The next Percy Harvin? Curtis Samuel has been that and more so far
Raise your hand if you’ve heard the Curtis Samuel-Percy Harvin comparisons. Is that everyone in the room? Oh wait, you in the back…did you have your hand raised back there? Yes, you did. OK, so we’re in agreement. We’ve all heard Samuel compared to Harvin, right?
This offseason, that comparison was being thrown around by everyone. It didn’t matter that Samuel had only 899 yards from scrimmage in two seasons with the Buckeyes. Given his skill set, it was natural to assume that Samuel would thrive as Urban Meyer’s H-back, just like Harvin did eight years ago at Florida.
At the time, that might’ve seemed lofty. Harvin was the guy who averaged 1,463 yards from scrimmage and 13.5 touchdowns in his final two seasons at Florida. The Buckeyes have had special talents at H-back — Braxton Miller could’ve thrived with another year or two at the position — but finding someone to truly embody that role hasn’t been easy since Meyer got to Columbus.
Well, until Samuel came along.
He still has a long way to go to live up to the Harvin comparison, but if the first three weeks of 2016 were any indication, Samuel and Harvin will be linked even more as the season progresses.
Despite all the hype about his talent, we didn’t see Samuel get regular touches in 2015. Part of that was Miller, and part of that was the Ohio State offense struggling to feed all of its stars. Samuel only got more than five touches from scrimmage once all of last year, and that was against Hawaii.
This year, he’s in a true H-back role. In just three games, he already has 48 touches and 519 yards from scrimmage, which is more than he had in all of 2015. That’s an average of 16 touches and 173 yards — a first down every touch — per game. Compare that to Harvin’s best season in 2007, when he averaged 12.9 touches and 147.5 yards — also a first down every touch — per game.
Samuel’s pace is torrid. In a 12-game schedule (OSU will likely get at least 13 games), he’s on track for 1,040 rushing yards and 1,036 receiving yards. The odds of him finishing in the 1,000-1,000 club aren’t great. Considering the fact that nobody in the history of college football has accomplished that feat, bet the under. Samuel would have a Heisman Trophy waiting for him if he did.
But more than numbers, it’s the usage that makes college football fans flash back to Harvin when they watch Samuel. Remember watching Harvin rip off runs like this?
It was customary to see him line up in the slot, motion into the backfield, take the zone read and rip off 50 yards like it was nothing.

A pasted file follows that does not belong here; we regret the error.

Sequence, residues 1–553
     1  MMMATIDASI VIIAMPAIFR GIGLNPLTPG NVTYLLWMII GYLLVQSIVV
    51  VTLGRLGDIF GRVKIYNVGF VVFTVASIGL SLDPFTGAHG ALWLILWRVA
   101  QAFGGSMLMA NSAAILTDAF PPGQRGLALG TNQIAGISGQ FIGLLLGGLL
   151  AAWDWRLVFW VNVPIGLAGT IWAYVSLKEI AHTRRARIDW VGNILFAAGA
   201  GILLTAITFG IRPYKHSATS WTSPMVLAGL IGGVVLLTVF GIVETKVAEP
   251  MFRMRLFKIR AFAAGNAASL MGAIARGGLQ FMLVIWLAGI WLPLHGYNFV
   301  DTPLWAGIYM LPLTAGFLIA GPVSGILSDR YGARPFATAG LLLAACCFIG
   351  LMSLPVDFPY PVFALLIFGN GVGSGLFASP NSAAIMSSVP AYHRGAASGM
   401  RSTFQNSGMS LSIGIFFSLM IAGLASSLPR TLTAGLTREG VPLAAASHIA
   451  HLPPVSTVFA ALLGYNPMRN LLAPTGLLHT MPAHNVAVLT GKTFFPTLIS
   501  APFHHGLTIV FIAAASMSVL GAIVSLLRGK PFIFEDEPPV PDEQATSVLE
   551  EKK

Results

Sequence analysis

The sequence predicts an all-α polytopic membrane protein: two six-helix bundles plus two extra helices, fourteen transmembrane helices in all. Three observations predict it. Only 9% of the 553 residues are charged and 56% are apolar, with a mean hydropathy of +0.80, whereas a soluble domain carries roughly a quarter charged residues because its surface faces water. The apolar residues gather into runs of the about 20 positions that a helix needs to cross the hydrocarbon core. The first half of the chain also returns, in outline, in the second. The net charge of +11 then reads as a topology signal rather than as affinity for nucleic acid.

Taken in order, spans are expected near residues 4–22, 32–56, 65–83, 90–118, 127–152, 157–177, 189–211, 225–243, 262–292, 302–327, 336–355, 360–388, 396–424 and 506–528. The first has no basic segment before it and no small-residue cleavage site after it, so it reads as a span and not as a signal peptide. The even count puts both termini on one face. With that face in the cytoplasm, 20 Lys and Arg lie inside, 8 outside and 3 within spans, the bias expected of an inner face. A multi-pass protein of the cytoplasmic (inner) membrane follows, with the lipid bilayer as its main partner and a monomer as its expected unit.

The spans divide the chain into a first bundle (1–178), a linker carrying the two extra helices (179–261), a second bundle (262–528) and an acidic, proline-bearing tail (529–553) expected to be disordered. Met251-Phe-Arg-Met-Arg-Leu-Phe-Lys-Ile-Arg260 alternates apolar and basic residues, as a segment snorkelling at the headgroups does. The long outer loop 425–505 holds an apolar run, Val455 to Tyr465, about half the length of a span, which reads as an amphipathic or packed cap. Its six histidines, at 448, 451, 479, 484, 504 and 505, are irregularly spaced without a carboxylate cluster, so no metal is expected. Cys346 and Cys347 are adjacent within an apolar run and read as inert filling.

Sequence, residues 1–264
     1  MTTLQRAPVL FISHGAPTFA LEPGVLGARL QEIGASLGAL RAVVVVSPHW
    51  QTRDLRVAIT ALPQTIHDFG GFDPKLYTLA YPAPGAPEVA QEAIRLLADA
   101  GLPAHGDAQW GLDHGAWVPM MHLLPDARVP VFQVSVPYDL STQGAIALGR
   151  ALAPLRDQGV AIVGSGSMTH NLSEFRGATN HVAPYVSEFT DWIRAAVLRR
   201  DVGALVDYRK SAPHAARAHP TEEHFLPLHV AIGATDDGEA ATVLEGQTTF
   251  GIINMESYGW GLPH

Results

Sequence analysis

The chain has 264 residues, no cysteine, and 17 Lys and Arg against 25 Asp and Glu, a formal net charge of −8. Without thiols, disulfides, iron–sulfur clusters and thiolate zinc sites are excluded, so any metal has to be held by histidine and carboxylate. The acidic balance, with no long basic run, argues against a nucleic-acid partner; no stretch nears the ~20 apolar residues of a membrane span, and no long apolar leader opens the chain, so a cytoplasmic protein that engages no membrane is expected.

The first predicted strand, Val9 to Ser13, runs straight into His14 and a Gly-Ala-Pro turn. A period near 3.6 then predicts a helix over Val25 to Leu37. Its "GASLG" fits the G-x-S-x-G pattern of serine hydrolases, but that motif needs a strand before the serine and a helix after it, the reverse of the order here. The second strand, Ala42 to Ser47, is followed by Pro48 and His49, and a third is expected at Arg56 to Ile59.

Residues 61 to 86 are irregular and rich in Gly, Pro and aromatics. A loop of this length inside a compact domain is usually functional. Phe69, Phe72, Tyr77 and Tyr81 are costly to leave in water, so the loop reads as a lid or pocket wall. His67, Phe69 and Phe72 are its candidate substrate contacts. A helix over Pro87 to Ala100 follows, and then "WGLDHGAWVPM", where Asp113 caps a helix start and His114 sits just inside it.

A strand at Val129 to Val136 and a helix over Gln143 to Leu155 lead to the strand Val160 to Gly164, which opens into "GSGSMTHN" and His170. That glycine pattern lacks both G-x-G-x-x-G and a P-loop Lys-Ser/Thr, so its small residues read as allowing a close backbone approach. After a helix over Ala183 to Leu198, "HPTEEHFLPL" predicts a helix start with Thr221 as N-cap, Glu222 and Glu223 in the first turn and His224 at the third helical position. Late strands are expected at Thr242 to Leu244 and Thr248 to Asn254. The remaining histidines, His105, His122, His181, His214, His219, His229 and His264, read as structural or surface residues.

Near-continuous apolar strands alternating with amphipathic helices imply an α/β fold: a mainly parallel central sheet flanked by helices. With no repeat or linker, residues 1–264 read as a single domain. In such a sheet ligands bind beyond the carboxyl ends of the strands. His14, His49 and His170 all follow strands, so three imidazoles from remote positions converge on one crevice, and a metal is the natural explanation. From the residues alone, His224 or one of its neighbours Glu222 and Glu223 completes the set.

Hmmmmm, didn’t Samuel do that exact thing against Oklahoma? Yes, he definitely did:
How do you stop that?
All the OSU offensive line did was set an edge at the 35-yard line and Samuel scored untouched. Even more impressively, they did that on the short side of the field For most receivers or running backs, that’s maybe a 15 or 20-yard gain and then they get pushed out of bounds. There are few guys in America who would’ve been able to get upfield like Samuel did.
That’s what makes his role unique. Like Harvin, most of his damage will come outside the hashes. The problem is that there’s no real way to know what to expect or when to expect it. He runs a variety of routes, both out of the backfield and out of the slot. Some are quick slants between the hashes, some are post corner routes.
Ohio State WR/HB Curtis Samuel leads the nation in yards per route run, averaging 4.89 receiving yards per route.
(min 40 routes) pic.twitter.com/bIUWu297pe
— PFF College Football (@PFF_College) September 29, 2016
Even Rutgers coach Chris Ash, who should know how to defend against Samuel as much as anyone, will still likely struggle to come up with an answer. Samuel isn’t some 6-5 stud receiver who can be shut down by an elite corner. It takes a complete defensive effort to contain him. As we saw with Harvin, there’s usually not an individual matchup that makes any sense.
It’ll be interesting to see how B1G teams try and account for Samuel. By now, coaches are used to game-planning for Meyer’s offenses at Ohio State, but he hasn’t had a guy who has grasped and executed the H-back role quite like Samuel has.
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Much like Tim Tebow was back in 2008, J.T. Barrett will be the household name that will be at the top of the scouting report. As long as the Buckeye offense is dominating and the team is winning, he’ll get the majority the accolades.
People watched that Florida team closely often came away thinking that Harvin — not Tebow — was the best player on the field. Many would argue that Samuel — not Barrett — has been the Buckeyes’ best player in their 3-0 start.
We’re still waiting to see if Samuel can be that for an entire season. For now though, the Harvin comparison is the only comparison.